NEURON's discretization strategy uses the central difference approximation to the 2nd derivative in space. Consequently a section's internal nodes (the points at which NEURON integrates the discretized cable equation) are located at (0.5+i)/nseg where i=0..nseg-1. These and the nodes at 0 and 1 are locations on the parent to which a child section may be attached. Attempting to attach a child section to a point that lies between 0 and 1 will result in the child section being connected to the nearest internal node.

If nseg is even, there will NOT be a node at 0.5. This has two important consequences.

First, the "shortcut form" for referencing a range variable (that is, without specifying the value of range), e.g.
sectionname.v
or
sectionname statement involving v
will not access that variable at 0.5 (the section midpoint). Instead it will access the range variable at the node to either side of the midpoint, and the choice will be governed by roundoff error, not the programmer.

Likewise, attempting to attach a child section to 0.5 on the parent will result in the child being attached to the node to either side of 0.5, and again the choice will be governed by roundoff error, not the programmer.


The only restriction on the elements of a List is that they must be objrefs.
[cpt_positions()] fills in a vector of positions, given in argument, where spines should be placed, for each neurite. It starts building positions from the middle, and, either the number of spines is odd or even , computes positions evenly along the neurite.
I think that could be done with something like this:

Code: Select all

// call with the affected section on the top of the section stack
// $1 is number of spines to be placed
// returns a List whose elements are the spine instances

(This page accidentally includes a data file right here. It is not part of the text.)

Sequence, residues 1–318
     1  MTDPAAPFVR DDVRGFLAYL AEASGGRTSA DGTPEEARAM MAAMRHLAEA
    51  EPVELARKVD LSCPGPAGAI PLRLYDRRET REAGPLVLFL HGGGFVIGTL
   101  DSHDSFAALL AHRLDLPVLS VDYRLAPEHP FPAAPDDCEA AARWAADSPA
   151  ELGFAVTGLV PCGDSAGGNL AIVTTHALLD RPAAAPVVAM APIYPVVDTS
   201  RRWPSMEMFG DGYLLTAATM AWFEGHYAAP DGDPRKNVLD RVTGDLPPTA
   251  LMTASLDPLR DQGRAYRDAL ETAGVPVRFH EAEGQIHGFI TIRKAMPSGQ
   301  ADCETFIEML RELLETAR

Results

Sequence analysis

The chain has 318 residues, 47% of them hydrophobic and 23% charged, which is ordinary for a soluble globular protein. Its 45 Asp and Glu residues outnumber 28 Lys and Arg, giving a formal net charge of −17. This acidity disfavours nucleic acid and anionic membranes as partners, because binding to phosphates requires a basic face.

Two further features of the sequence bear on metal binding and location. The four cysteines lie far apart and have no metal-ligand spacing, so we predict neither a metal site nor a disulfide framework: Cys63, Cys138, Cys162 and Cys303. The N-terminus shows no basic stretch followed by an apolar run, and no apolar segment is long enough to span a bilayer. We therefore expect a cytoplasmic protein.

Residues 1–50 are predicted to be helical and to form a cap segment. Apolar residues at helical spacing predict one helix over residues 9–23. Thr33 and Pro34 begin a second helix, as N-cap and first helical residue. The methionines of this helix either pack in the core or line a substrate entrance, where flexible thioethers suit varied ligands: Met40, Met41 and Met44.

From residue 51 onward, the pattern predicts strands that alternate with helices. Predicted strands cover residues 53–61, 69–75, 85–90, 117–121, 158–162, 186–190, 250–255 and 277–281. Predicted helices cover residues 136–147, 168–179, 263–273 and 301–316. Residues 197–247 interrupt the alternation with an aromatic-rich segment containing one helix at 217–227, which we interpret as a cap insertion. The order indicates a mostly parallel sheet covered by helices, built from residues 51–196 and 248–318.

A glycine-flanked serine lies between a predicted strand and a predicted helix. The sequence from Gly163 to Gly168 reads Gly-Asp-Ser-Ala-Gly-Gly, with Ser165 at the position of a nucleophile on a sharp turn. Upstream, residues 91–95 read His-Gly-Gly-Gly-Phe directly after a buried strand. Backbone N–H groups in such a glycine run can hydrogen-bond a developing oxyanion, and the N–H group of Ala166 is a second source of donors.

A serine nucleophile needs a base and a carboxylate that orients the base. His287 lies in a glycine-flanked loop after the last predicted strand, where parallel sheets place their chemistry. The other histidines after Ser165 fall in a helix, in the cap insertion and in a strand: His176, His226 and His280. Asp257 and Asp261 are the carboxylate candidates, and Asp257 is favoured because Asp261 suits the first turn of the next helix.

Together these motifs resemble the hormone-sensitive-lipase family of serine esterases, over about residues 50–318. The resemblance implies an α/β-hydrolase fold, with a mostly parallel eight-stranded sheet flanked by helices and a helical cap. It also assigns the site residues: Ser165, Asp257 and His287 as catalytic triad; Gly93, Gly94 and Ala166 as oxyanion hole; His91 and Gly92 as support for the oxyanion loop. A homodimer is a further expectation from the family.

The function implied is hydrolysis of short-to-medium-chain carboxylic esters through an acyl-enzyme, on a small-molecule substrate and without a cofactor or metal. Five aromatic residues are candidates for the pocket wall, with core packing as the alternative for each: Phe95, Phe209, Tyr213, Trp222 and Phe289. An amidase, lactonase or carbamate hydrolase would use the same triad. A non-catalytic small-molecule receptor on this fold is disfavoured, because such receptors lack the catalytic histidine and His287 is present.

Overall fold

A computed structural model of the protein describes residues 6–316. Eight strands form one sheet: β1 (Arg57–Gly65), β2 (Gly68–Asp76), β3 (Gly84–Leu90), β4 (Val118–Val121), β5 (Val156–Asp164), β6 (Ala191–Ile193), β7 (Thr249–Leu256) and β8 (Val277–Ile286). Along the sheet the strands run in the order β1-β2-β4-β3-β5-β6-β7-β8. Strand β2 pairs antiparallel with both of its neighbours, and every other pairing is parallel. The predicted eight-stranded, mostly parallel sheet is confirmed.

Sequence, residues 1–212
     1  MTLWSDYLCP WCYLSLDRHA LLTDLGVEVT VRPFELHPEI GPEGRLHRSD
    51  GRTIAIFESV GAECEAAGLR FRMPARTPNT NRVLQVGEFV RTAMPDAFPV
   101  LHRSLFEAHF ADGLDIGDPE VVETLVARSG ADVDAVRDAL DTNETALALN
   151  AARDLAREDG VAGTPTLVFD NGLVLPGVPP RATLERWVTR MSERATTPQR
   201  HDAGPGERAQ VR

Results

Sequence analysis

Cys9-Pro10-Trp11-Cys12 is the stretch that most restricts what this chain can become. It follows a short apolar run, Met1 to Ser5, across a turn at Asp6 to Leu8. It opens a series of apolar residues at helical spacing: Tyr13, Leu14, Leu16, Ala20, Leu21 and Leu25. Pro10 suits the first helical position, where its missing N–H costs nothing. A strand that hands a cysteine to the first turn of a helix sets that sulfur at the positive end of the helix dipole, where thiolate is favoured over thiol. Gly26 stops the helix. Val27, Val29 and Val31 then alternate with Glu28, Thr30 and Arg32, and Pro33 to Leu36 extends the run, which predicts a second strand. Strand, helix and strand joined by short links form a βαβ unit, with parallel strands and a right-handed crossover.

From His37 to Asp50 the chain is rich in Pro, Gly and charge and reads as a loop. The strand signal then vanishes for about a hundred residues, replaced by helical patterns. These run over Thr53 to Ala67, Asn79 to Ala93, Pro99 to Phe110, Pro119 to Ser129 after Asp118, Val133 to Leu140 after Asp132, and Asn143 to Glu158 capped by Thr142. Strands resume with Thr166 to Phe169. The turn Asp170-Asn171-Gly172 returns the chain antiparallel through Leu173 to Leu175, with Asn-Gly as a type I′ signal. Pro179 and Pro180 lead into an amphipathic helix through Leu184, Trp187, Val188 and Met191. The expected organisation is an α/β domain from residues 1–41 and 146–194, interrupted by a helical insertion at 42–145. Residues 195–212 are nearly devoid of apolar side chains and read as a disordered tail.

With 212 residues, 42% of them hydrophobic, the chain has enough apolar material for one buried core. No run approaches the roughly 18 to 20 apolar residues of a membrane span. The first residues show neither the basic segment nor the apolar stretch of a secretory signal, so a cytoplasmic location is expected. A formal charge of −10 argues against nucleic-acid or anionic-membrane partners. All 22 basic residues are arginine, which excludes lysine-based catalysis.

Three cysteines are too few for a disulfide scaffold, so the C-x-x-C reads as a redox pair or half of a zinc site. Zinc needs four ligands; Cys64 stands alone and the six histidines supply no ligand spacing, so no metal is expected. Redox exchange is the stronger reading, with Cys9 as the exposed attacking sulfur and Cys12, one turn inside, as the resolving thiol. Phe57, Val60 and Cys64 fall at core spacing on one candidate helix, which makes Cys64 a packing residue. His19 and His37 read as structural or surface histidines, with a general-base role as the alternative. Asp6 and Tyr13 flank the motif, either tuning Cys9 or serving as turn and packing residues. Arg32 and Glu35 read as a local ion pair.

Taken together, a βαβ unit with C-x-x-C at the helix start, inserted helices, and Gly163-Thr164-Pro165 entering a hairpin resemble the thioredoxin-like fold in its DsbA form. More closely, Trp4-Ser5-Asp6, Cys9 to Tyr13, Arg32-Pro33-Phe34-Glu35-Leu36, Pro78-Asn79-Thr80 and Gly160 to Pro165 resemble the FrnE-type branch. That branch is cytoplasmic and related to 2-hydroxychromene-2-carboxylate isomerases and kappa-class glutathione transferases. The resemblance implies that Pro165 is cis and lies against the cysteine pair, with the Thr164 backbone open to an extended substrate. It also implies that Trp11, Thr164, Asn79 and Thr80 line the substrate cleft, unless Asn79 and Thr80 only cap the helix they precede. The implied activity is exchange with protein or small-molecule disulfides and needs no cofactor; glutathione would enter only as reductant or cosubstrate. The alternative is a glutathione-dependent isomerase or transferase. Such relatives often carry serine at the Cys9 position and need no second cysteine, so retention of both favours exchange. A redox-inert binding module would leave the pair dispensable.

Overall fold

objfunc placespines() { local i  localobj tobj
  tobj = new List()
  for i=0,$1-1 {
    tobj.append( new Spine((i+0.5)/$1) )
  }
  return tobj
}

forsec spiny list_of_spinelists.append(placespines(int(L*spinedensity)))

// sections that get no spines have a corresponding spinelist that is empty, i.e. has count == 0
I imagine the above discussion of internal nodes is giving you some concerns about your spine placement strategy--if number of spines is < nseg, they won't be evenly spaced, and if > nseg, then one or more internal nodes will get > 1 spine. If it is absolutely critical for spines to be evenly spaced along a section, nseg must equal int(L*spinedensity). But in a real cell, all neurites have "natural" lengths--not numerically nice ones that a programmer might choose--so there is no guarantee that the spacing along one section will be the same as the spacing along any other section.
stil
Posts: 28
Joined: Thu Jul 01, 2010 8:47 am
Location: Mulhouse - France

Re: Problems instantiating templates

Post by stil »

I took the model from (Golding et al. 2001) as it was. I only extracted pieces of the neuron for illustration purposes, and did not modify nseg. In the whole model, branches contain odd and even numbers of segments. The functional considerations about nseg that you pinpointed here did not seem to be important for the original authors.

I believe i can modify nseg for each branch, while i determine the positions of the spines. I was more or less aware of these aspects about the calculation nodes, and i guess that i cannot specify where the nodes will be placed, in order to obtain one spine per segment. A non-uniform 'mesh size' would not be good for calculation, as far as i know.

Moreover, i was thinking that having one segment per spine was not absolutely critical :
* if nspines > nseg, i will have several spines per segment, which will see more than one afferent sources of current. I do not see that as a problem, as long as i do not want to observe what is happening between those spines.
* if nspines < nseg, spines won't be evenly spaced. As you mention, real dendrites are not uniformly populated with spines, so i have no problem with a little bias in the model, for that aspect at least.

I understand i should take care about having a reasonnable number of segments, according to the number of spines. But i think the 'd_lambda' rule is a more important criterium for the choice of nseg. wrong ?